Alzheimer’s Disease and Bathing: Tips for Success

Overview

Published: 10/22/2012

by Carrie Steckl, Ph.D

Photos

If you are caring for someone with Alzheimer’s, you may already know that bathing can become a challenge as the disease progresses. In the early stages, your loved one may be able to bathe or shower on his or her own with little assistance other than gentle reminders that it’s time to do so. However, as your family member becomes more impaired, he or she might become resistant to taking a bath or shower or may need considerable assistance completing this task.

 

It’s important to employ techniques that take into account the person’s abilities, mood, and health status in order for make bathing a more pleasant experience for everyone involved. Here are some tips to help you be successful when bathing your loved one:

 

Empathize. Keep in mind that Alzheimer’s disease affects the brain in such a way that once-familiar tasks may become unfamiliar and even frightening. Imagine for a moment that you are not aware of what bathing is or why it is necessary. Now imagine someone that may or may not be familiar to you trying to remove your clothing, place you in a shower or bathtub, getting you wet with water that may feel too hot or too cold, and washing you without your permission. It would only be natural for you to feel afraid and possibly violated, even though the person bathing you may only be trying to help. Empathizing with the person with Alzheimer’s helps us approach them in a gentle, compassionate way.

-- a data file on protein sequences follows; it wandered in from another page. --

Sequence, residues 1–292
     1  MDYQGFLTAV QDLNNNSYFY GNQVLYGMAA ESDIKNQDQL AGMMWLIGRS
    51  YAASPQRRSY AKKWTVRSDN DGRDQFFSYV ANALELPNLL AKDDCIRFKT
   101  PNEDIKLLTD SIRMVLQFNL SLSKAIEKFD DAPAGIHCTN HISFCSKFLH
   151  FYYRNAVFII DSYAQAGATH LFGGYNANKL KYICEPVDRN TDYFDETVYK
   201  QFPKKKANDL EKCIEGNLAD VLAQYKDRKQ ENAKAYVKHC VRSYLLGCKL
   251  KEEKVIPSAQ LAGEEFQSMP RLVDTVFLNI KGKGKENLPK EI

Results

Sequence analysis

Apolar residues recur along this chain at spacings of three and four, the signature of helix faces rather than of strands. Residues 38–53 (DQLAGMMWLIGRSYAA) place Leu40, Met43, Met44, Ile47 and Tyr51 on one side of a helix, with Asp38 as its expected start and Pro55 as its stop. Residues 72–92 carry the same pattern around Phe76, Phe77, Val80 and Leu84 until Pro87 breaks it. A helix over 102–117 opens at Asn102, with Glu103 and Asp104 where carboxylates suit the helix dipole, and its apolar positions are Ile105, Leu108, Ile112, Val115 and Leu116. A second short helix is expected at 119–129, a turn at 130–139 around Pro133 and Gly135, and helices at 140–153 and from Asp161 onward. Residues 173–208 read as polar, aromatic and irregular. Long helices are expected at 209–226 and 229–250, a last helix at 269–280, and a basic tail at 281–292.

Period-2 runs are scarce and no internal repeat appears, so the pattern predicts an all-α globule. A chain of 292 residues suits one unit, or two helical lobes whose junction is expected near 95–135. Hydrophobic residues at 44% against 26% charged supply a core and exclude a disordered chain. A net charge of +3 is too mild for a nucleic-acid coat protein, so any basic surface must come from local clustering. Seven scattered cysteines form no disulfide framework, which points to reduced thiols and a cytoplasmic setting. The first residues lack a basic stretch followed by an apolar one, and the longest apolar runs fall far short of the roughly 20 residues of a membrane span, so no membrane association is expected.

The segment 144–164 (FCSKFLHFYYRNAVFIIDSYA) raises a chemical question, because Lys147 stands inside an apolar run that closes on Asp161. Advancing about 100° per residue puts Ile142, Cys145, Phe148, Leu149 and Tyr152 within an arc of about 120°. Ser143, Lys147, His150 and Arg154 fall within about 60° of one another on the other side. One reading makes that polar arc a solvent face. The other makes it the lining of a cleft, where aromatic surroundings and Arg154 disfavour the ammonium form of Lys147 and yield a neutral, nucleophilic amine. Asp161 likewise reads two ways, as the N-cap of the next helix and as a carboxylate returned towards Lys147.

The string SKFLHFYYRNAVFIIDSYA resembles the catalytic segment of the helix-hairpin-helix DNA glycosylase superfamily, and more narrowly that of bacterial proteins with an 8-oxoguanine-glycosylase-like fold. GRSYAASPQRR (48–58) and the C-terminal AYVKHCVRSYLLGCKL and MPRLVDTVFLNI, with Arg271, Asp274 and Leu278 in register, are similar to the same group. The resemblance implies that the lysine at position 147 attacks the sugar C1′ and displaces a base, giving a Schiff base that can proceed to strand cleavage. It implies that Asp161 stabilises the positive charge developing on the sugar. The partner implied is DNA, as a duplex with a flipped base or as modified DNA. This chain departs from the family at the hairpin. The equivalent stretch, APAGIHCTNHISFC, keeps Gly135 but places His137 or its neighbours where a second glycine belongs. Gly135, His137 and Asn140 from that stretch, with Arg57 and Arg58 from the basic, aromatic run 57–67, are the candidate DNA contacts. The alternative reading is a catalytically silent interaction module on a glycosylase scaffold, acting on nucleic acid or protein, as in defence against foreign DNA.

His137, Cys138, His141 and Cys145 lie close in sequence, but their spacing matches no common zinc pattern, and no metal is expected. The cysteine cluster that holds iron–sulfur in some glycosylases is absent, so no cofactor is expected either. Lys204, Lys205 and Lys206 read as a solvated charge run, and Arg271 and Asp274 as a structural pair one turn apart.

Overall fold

Assess. It’s important to know your family member’s current abilities so that you can encourage him or her to do as much as possible during the bathing process. This will help your loved one feel more independent and calm. According to the Alzheimer’s Association, caregivers should assess whether a family member can do the following:

 

  • Find the bathroom where bathing will take place.
  • See adequately.
  • Be able to sense whether the water temperature is too hot or cold.
  • Maintain balance.
  • Understand the purpose of each bathing product.
  • Remember the steps of bathing.

 

Once you assess your loved one regarding these tasks, you will know how much help to provide.

 

Prepare. Individuals with Alzheimer’s tend to accept a bath more readily when the bathroom is already set up for a comfortable experience. Before you ever approach your loved one about taking a bath, gather everything you need (towels, washcloths, soap and shampoo products) and organize these items in the bathroom so they will be easy to reach. Also, make sure the bathroom is nice and warm.

 

Adapt. Make your loved one’s feelings of comfort and safety paramount throughout the bathing process. If he or she is unsteady or uncomfortable standing, place a bath chair in the tub for sitting. Have extra-large towels handy to wrap the person up and create a sense of privacy. If you draw a bath, only draw a few inches of water. Whether bathing or showering, monitor the water temperature closely. Encourage your family member to do as much as possible, but assist when necessary in a compassionate yet matter-of-fact way.

 

Above all, always treat your loved one with respect, patience, and dignity.